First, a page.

Sarah Stewart said...

This sounds a great book - very interesting. I'll have to take a look when I get a chance :)

Anonymous said...

hi sarah
just a comment about the partnership thing - I think there is scope to negotiate roles within a partnership and there may be areas where one partner leaves the other with more responsibility at times - which could be ok if the other party is happy to or comfortable taking that area on more. I think this weaving happens in midwifery partnerships and as long as it is negotiated or agreed by the partners involved thats ok - or perhaps addressed if not satisfactory or desirable to one party.
I think we need to get over the whole idea of counting who does what - whats important is that power is shared / balanced. If i as the woman decide to let you take control or responsibility for an area of my life - or to drive that - and you agree to because you can or are comfortable - its partnership - negotiated.If i give you too much control over my life - and you are not comfortable with that - you can discuss that issue with me and negotiate areas I need to work on taking some control over.
If I think of my life partnership - we don't do everything equally all
the time so there's scope to delegate some roles - he earns a lot more than me so he takes responsibility for saving for our retirement - or I am working hard this week so he cooks the food for everyone...

Sarah Stewart said...

Anonymous: I like this explanation. Thank you. But is it partnership or a relation ship, or is there no difference? Does it actually matter? All questions I keep thinking about and to be honest, it changes with every woman I work(ed) with.

Pamela Harnden said...

@Sarah and anonymous I`ve finally had emerge from the depths of my brain and with finding a couple of sources some of the stuff I was trying to get at about the partnership/relationship. I remembered John Heron`s, Handbook of facilitation where he describes the six category intervention analysis and I figure that depending on what sort of midwife you are or what sort of personality the woman is demonstrates how far into his intervention analysis you get. A midwife maybe an 'Authoritive' and takes a more dominant role taking responsibility for the woman by giving advice and direction. She also gives knowledge, informatrion to the woman by giving instruction and is confronting by challenging the woman`s behaviour by direct feedback.
On the other hand the midwife may be 'Facilitative' where she seeks for the woman to become more autonomous and take more responsibility for themselves. In doing this Heron describes that you can be 'cathartic' helping the woman to express and overcome powerful thoughts and emotions and demonstrates empathy. He then describes the 'catalytic' helping the woman to reflect, discover, learn and ask questions. This then leads to the 'supportive' part building the woman`s confidence, praising, valuing her contribution and supporting her decision making. This means that some people whether it be women or midwives sometimes have to move from control to risk and from structured formats to the vageness of waiting to see what happens next. There again you will always have those who are waiting to be told what to do next.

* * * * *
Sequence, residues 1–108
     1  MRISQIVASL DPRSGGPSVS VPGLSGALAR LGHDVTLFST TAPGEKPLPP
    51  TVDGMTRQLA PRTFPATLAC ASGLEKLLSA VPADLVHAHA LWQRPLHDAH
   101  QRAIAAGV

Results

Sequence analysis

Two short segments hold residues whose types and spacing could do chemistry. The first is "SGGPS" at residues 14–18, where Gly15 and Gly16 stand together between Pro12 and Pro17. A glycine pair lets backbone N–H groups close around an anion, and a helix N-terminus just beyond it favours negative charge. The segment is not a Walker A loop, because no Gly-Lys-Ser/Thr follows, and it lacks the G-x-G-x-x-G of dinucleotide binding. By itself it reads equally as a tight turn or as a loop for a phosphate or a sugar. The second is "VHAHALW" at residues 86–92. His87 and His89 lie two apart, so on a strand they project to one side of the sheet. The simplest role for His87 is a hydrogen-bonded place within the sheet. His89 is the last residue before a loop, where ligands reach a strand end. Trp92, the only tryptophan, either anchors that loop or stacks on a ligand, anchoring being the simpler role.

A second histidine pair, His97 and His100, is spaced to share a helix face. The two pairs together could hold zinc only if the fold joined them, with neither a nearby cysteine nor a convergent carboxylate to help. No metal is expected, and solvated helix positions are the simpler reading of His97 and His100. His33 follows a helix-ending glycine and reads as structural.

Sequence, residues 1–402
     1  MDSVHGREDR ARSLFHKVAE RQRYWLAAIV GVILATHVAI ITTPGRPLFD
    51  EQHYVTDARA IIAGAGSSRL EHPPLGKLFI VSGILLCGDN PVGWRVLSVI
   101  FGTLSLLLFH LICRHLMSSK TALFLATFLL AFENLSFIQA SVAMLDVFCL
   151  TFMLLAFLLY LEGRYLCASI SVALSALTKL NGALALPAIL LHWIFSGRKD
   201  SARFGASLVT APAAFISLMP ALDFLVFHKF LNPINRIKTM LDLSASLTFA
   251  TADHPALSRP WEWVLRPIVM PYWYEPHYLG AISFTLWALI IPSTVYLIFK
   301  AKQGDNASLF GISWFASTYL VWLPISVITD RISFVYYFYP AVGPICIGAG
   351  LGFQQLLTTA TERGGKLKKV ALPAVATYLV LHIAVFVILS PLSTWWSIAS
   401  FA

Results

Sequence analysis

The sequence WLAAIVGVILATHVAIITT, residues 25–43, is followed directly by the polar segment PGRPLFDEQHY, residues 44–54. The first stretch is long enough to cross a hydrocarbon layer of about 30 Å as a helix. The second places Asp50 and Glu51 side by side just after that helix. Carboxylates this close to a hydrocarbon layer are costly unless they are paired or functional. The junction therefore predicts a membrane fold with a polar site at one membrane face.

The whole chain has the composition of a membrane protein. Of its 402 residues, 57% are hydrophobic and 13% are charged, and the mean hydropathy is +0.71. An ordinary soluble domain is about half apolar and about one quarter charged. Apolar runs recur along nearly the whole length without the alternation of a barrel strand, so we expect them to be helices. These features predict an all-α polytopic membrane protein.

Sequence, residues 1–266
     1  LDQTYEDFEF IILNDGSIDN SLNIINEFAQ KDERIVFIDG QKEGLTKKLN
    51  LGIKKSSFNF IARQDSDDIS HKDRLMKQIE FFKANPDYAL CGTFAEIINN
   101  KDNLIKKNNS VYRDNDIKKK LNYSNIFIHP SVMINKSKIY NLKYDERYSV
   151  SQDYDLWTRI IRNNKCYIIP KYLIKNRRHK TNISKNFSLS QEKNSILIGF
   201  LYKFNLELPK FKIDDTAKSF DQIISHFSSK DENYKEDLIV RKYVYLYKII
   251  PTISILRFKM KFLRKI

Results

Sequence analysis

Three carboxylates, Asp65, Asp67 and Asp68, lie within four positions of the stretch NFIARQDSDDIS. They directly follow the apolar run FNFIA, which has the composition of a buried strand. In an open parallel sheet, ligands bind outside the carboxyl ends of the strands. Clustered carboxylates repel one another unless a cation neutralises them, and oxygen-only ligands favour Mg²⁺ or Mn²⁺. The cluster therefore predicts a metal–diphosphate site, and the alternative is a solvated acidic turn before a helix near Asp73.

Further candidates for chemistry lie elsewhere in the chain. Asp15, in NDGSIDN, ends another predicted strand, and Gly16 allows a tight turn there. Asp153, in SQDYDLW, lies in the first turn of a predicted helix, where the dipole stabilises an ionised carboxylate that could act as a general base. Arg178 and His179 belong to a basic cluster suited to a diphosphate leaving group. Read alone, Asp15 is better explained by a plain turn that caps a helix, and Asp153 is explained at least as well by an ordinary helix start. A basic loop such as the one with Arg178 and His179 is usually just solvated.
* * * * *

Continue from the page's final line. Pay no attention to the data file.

The thing to also remember is that in Competency One from the Midwives Handbook for practice it says,
"The balance of 'power' within the partnership fluctuates BUT it is always understood that the woman has control over her own experience."

Sarah Stewart said...

Pam: yes, but do women reallt have that control, especially when they birth in hospital?

Anonymous said...

yes good question - and I think the answer depends entirely on the midwives ability to let it be - perhaps - depending on their philosophy...some midwives are just not comfortable with letting the cards fall where the woman tossed them and do feel a need to dominate and control. Others are more process driven - and understand birth as being about making mothers...
Can you think of times in practice when women couldn't or wouldn't decide stuff - and so you let it be and thats how it was? We can often do that in birth cos - its a normal process and the outcome normally essentially fine despite us all.
(ok obviously there are times when we would use our wisdom and intervene as appropriate - but so often we can not act- allow the woman to experience her power and all is well)